Project Euler – Problem 4 Solution

Problem

A palindromic number reads the same both ways. The largest palindrome made from the product of two 2-digit numbers is 9009 = 91 x 99.

Find the largest palindrome made from the product of two 3-digit numbers.

Solution

open System.Linq

let isPalindromic n =
    let charArray = n.ToString().ToCharArray()
    let revCharArray = Array.rev charArray
    charArray.SequenceEqual(revCharArray)

let numbers = [100..999]
let products = numbers |> List.collect (fun x -> numbers |> List.map (fun y -> x * y))
let maxPalindromic = products |> Seq.filter isPalindromic |> Seq.max

In my solution above, I first built a function to check whether a given number is palindromic by comparing the original and reversed char array representing the number and see if they’re the same, i.e. 9009 is represented by the char array [‘9′;’0′;’0′;’9’], and the reversed array is still [‘9′;’0′;’0′;’9’].

Notice how I used the Array.rev function in the isPalindromic function, it returns a new array with all the elements in reverse order. Another thing you might have noticed in this function is that I used the Enumerable.SequenceEqual Linq extension method to compare the two arrays, as I’ve mentioned before, with F# being a first class citizens of the .Net family you’re free to use whatever CLR library of your choice.

The rest of the solution might be relatively straight forward, however, you might be wondering what the List.collect function does. Like the List.map function, it applies a function to each element in the list, except that each element produces a list and all these lists are concatenated into a final list.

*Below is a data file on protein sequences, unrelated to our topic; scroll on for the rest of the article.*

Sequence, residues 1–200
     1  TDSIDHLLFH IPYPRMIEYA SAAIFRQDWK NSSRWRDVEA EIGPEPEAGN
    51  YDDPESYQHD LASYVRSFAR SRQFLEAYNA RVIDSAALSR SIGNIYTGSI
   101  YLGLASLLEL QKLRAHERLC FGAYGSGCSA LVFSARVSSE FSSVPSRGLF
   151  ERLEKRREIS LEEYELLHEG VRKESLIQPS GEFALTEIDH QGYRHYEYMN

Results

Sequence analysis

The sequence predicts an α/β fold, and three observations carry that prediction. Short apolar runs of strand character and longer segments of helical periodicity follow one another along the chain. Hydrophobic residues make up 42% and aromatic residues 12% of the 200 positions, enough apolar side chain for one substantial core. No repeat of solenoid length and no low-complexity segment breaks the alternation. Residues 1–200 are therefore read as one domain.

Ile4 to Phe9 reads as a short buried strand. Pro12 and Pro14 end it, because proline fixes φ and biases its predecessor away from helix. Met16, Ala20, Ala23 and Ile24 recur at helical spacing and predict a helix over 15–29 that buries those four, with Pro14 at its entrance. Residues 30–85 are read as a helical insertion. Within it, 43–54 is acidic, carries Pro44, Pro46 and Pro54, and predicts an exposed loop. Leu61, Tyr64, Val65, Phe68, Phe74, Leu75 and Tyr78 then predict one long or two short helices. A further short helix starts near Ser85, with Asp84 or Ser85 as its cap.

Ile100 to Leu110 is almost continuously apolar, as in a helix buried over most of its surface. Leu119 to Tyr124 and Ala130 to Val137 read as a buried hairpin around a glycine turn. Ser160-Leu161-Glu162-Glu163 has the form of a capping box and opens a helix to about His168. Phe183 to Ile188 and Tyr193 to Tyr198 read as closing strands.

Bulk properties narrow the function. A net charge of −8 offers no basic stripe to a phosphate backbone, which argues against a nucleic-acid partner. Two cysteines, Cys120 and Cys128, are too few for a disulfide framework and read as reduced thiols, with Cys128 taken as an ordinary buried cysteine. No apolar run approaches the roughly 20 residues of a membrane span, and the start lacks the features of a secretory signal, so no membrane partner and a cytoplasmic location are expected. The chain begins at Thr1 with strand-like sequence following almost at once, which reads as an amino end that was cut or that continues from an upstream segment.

Now let’s see how the two differs, say we have a list of numbers from 1 to 10, and I want to find out the Cartesian product of the list multiplied by itself, i.e. 1 * 1, 1 * 2, … 1 * 10, 2 * 1, 2 * 2… 10 * 10:

let numbers = [1..10]

// List.map returns an array of array containing results of 1 *  [1..10], 2 * [1..10], etc.
numbers |> List.map (fun x -> numbers |> List.map(fun y -> x * y));;
val it : int list list =
[[1; 2; 3; 4; 5; 6; 7; 8; 9; 10];
 [2; 4; 6; 8; 10; 12; 14; 16; 18; 20];
 [3; 6; 9; 12; 15; 18; 21; 24; 27; 30];
 [4; 8; 12; 16; 20; 24; 28; 32; 36; 40];
 [5; 10; 15; 20; 25; 30; 35; 40; 45; 50];
 [6; 12; 18; 24; 30; 36; 42; 48; 54; 60];
 [7; 14; 21; 28; 35; 42; 49; 56; 63; 70];
 [8; 16; 24; 32; 40; 48; 56; 64; 72; 80];
 [9; 18; 27; 36; 45; 54; 63; 72; 81; 90];
 [10; 20; 30; 40; 50; 60; 70; 80; 90; 100]]

// List.collect returns a 1-dimensional array instead
numbers |> List.collect (fun x -> numbers |> List.map (fun y -> x * y));;
val it : int list =
[1; 2; 3; 4; 5; 6; 7; 8; 9; 10; 2; 4; 6; 8; 10; 12; 14; 16; 18; 20; 3; 6; 9;
 12; 15; 18; 21; 24; 27; 30; 4; 8; 12; 16; 20; 24; 28; 32; 36; 40; 5; 10; 15;
 20; 25; 30; 35; 40; 45; 50; 6; 12; 18; 24; 30; 36; 42; 48; 54; 60; 7; 14;
 21; 28; 35; 42; 49; 56; 63; 70; 8; 16; 24; 32; 40; 48; 56; 64; 72; 80; 9;
 18; 27; 36; 45; 54; 63; 72; 81; 90; 10; 20; 30; 40; 50; 60; 70; 80; 90; 100]

Enjoy what you’re reading? Subscribe to my newsletter and get more content on AWS and serverless technologies delivered straight to your inbox.


Yan Cui

I’m an AWS Serverless Hero and the author of Production-Ready Serverless. I have run production workload at scale in AWS for nearly 10 years and I have been an architect or principal engineer with a variety of industries ranging from banking, e-commerce, sports streaming to mobile gaming. I currently work as an independent consultant focused on AWS and serverless.

You can contact me via Email, Twitter and LinkedIn.

Hire me.


Check out my new course, Complete Guide to AWS Step Functions.

In this course, we’ll cover everything you need to know to use AWS Step Functions service effectively. Including basic concepts, HTTP and event triggers, activities, design patterns and best practices.

Get Your Copy